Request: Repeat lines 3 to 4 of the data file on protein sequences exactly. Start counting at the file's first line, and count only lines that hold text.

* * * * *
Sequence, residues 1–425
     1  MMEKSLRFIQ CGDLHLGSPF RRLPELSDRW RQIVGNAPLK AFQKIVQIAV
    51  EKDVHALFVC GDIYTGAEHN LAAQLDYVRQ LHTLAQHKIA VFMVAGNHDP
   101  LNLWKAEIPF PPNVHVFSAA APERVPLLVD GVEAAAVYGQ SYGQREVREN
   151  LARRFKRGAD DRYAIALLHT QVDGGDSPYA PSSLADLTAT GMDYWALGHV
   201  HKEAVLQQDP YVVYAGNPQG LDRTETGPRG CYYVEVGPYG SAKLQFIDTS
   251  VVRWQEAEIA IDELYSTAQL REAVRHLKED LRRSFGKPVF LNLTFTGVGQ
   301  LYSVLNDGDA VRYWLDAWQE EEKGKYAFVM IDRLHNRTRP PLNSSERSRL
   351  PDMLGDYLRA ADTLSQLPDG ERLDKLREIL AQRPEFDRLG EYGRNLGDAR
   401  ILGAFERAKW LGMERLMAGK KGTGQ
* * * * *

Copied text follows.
    51  EKDVHALFVC GDIYTGAEHN LAAQLDYVRQ LHTLAQHKIA VFMVAGNHDP
   101  LNLWKAEIPF PPNVHVFSAA APERVPLLVD GVEAAAVYGQ SYGQREVREN